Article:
When I started this project I planned to design and build a trailer-sailer and go sailing it along the seashores of the Whitsunday Islands in Queensland on the East Coast of Australia. But I got side-tracked into investigating the physics of sailing to windward. I found much of this theory to be questionable and not supported by practice. The main outcome of this investigation is that the windward performance of my catamaran WRC6800 was greatly improved by locating its centreboard well forward of its sail centroid and installing it at an angle of 4-5 degrees to its fore-and-aft hull centreline to create a positive angle of attack. A description below covers my experimental results supporting this conclusion.
I class my beamchange systems as the best outcome of this project. It simply increases the beam of my catamarans from 2500mm to 3800mm and provides a tremendous improvement in sailing, comfort and safety. Details of it are included below and photos of my l beach-launching trailer.
The Quest for Speed16.1 Forces on a sailboat when sailing to windward
If a perfect rig is mounted on a perfect hull, but one without a centreboard or keel, and it is sailed upright, it will not sail to windward. The 'wing in the air' (the rig) produces a force 'OS' (Fig 16.1), which is roughly at right angles to the sails.
The bottom of any planing hull is necessarily reasonably flat, and so in unable to produce much cross-boat force (unless it is heeled to put the chine deep in the water). As a result, in Fig 16.1, 'upright no keel nor centreboard' situation, the boat will accelerate in the direction 'OS' until the hull's drag increases to the point where it becomes equal and opposite to the sail force 'OS'. This situation, with the hull's centreline headed in the direction 'heading', but the boat tracking across the water in the very different direction 'OS', will neither win races, nor be much fun.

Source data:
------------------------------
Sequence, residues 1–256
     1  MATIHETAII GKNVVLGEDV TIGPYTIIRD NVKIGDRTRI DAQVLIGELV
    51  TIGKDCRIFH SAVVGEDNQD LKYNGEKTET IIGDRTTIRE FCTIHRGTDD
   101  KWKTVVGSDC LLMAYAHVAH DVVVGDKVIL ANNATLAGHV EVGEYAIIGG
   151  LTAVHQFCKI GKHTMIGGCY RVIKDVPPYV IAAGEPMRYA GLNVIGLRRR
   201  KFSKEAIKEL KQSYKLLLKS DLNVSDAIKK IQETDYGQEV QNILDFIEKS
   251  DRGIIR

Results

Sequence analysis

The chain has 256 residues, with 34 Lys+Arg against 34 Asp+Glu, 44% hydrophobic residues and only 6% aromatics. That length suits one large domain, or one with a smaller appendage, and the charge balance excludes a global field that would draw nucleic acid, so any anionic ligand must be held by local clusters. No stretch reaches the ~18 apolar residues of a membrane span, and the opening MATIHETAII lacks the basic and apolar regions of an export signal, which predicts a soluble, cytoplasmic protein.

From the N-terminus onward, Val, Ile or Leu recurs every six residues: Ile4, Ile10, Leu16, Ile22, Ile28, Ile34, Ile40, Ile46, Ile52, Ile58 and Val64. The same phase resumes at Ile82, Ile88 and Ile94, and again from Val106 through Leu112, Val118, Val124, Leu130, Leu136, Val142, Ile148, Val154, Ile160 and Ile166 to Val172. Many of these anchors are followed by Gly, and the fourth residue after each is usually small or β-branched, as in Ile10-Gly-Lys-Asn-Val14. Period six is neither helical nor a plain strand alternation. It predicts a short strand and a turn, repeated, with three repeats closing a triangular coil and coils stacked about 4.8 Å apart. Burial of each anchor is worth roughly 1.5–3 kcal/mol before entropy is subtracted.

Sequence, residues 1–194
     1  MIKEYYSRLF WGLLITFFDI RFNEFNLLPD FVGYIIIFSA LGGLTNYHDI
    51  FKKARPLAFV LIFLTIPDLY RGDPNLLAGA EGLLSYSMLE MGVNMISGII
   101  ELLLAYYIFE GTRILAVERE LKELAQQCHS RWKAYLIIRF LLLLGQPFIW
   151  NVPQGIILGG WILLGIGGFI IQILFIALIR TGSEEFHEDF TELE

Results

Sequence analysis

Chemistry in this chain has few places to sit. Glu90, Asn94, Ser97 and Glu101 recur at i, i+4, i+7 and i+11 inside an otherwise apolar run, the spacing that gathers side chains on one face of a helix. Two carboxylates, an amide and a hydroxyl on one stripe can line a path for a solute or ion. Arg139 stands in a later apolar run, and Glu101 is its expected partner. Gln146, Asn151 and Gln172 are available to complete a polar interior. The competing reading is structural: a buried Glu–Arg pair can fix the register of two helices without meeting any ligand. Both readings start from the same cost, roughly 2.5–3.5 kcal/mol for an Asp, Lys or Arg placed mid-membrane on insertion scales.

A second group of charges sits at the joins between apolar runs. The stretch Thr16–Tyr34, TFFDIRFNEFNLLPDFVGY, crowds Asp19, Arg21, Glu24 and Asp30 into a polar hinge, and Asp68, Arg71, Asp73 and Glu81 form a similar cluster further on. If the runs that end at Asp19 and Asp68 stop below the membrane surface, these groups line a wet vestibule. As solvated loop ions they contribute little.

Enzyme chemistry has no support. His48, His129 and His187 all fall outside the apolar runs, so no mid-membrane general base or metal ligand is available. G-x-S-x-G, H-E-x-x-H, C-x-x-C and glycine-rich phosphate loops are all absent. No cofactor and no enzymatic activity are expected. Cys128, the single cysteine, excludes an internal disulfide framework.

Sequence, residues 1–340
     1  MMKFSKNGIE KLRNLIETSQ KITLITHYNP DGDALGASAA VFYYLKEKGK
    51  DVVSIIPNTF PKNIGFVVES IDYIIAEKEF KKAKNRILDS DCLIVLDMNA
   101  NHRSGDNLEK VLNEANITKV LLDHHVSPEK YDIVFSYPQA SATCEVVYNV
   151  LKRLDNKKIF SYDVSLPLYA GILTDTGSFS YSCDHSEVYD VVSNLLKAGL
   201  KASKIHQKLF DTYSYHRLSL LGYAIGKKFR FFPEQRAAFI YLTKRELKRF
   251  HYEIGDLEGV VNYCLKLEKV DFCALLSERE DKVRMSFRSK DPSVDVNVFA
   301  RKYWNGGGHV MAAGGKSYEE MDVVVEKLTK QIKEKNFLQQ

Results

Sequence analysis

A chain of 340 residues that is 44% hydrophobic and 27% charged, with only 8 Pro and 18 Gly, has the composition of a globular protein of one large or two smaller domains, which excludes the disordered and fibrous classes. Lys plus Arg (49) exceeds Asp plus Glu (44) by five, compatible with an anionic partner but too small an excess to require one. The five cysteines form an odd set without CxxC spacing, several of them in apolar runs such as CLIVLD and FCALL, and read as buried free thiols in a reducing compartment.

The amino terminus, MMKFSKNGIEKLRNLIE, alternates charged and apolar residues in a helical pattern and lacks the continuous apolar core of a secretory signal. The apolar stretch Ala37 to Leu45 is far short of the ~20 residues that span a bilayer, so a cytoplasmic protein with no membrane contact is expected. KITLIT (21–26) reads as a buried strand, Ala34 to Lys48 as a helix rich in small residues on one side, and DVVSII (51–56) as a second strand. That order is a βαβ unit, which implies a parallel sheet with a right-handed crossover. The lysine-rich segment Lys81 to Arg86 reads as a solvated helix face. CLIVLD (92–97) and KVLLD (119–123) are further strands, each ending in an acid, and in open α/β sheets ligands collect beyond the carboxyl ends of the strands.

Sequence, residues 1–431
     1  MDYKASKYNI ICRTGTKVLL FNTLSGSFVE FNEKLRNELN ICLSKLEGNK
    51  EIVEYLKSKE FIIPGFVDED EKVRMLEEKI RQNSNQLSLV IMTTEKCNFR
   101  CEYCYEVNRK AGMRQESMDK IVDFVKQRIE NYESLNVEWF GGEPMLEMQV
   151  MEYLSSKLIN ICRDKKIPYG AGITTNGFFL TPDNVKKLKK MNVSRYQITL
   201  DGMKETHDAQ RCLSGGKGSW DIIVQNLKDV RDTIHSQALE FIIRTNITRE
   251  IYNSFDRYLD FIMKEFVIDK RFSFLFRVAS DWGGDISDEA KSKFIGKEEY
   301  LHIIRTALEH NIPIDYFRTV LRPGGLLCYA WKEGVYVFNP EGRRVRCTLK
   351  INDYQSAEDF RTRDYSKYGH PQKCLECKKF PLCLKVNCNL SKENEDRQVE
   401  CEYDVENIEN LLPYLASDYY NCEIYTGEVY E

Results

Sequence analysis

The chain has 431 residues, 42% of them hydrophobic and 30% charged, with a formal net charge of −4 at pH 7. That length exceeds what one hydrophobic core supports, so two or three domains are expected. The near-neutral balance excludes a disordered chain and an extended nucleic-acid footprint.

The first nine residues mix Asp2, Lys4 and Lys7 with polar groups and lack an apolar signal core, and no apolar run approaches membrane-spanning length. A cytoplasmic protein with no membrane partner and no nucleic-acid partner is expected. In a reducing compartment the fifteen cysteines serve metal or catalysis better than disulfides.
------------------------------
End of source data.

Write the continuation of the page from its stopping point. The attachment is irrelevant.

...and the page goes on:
The best way to think about any sailing boat is to regard it as an assembly of three basic components:
The keel or centreboard is a 'wing' which 'flies' through the water. Like the rig, it produces a force roughly at right angles to its surface 'OC', Fig 16.2 (b).
When a sailboat sails to windward or on a close reach, the forces acting on it when viewed from ahead, i.e. those forces which act across the boat, take the arrangement shown in Fig 16.2 (a). Appreciation of these forces is helpful in understanding which boats can and which cannot sail fast. For Fig 16.2 we will use figures typical of the many popular classes of non-trapeze conventional dinghies about 14 to 15 feet long which are of approximately similar performance and are well understood, such as the Gp14, Enterprise, Albacore, etc. These boats weigh about 350 pounds (300 for the hull and 50 for the rig and foils) and are designed to be crewed by two adults who will typically weigh about 310 pounds themselves and 330 pounds dressed for sailing and wet, so the total weight at which the boats are designed to sail is about 680 to 700 pounds. We will assume that the water is flat, that the True Wind is 12 knots, that the boat's heading when sailing to windward is 45 degrees from the direction of the True Wind, and that the boat speed through the water is 4.5 knots. The triangle of velocities in Fig 16.2(c) shows that the Apparent Wind becomes 15.5 knots, and blows at 12 degrees from the direction of the True Wind, and at an angle 'across the deck' of 33 degrees from the bow. These speeds and angles are reasonable, in that they are suggested by theory and confirmed by observation and measurement.